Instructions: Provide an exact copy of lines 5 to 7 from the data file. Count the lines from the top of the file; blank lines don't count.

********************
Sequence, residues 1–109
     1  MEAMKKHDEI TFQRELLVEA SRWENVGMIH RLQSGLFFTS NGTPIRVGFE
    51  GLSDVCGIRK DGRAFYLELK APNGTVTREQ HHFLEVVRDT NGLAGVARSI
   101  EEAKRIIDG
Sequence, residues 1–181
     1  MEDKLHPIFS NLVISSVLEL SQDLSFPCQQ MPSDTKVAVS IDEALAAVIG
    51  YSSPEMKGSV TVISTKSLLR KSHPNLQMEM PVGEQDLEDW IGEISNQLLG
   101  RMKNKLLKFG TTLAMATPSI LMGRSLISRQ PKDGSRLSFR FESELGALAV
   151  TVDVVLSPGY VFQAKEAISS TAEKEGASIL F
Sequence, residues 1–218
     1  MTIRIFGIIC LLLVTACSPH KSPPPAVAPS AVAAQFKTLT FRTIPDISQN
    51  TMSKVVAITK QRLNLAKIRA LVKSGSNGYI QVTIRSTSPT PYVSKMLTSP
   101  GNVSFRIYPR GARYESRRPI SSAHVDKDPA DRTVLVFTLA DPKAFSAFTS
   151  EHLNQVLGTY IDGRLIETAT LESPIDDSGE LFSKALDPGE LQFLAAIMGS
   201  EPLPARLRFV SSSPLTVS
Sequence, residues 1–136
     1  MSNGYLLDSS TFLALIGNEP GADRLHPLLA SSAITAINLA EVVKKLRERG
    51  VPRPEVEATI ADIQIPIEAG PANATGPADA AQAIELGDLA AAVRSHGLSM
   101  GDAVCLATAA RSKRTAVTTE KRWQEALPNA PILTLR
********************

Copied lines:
Sequence, residues 1–181
     1  MEDKLHPIFS NLVISSVLEL SQDLSFPCQQ MPSDTKVAVS IDEALAAVIG
    51  YSSPEMKGSV TVISTKSLLR KSHPNLQMEM PVGEQDLEDW IGEISNQLLG